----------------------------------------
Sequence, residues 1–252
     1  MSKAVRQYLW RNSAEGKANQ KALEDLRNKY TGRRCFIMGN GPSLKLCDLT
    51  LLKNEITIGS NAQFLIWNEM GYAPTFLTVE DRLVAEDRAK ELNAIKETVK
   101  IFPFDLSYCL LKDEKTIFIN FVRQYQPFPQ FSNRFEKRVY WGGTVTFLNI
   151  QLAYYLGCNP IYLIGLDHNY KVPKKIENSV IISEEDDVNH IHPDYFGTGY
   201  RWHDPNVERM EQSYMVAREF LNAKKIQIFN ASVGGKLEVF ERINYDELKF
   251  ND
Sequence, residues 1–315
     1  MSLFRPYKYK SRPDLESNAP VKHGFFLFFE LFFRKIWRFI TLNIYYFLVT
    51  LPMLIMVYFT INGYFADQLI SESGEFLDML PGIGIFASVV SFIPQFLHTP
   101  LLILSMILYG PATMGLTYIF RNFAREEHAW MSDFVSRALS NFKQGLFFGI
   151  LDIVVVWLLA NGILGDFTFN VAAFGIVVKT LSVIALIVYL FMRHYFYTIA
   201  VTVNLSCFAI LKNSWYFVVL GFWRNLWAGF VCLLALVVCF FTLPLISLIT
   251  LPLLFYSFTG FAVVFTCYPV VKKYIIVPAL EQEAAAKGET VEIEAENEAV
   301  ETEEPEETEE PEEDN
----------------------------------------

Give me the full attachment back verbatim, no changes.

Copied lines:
Sequence, residues 1–252
     1  MSKAVRQYLW RNSAEGKANQ KALEDLRNKY TGRRCFIMGN GPSLKLCDLT
    51  LLKNEITIGS NAQFLIWNEM GYAPTFLTVE DRLVAEDRAK ELNAIKETVK
   101  IFPFDLSYCL LKDEKTIFIN FVRQYQPFPQ FSNRFEKRVY WGGTVTFLNI
   151  QLAYYLGCNP IYLIGLDHNY KVPKKIENSV IISEEDDVNH IHPDYFGTGY
   201  RWHDPNVERM EQSYMVAREF LNAKKIQIFN ASVGGKLEVF ERINYDELKF
   251  ND
Sequence, residues 1–315
     1  MSLFRPYKYK SRPDLESNAP VKHGFFLFFE LFFRKIWRFI TLNIYYFLVT
    51  LPMLIMVYFT INGYFADQLI SESGEFLDML PGIGIFASVV SFIPQFLHTP
   101  LLILSMILYG PATMGLTYIF RNFAREEHAW MSDFVSRALS NFKQGLFFGI
   151  LDIVVVWLLA NGILGDFTFN VAAFGIVVKT LSVIALIVYL FMRHYFYTIA
   201  VTVNLSCFAI LKNSWYFVVL GFWRNLWAGF VCLLALVVCF FTLPLISLIT
   251  LPLLFYSFTG FAVVFTCYPV VKKYIIVPAL EQEAAAKGET VEIEAENEAV
   301  ETEEPEETEE PEEDN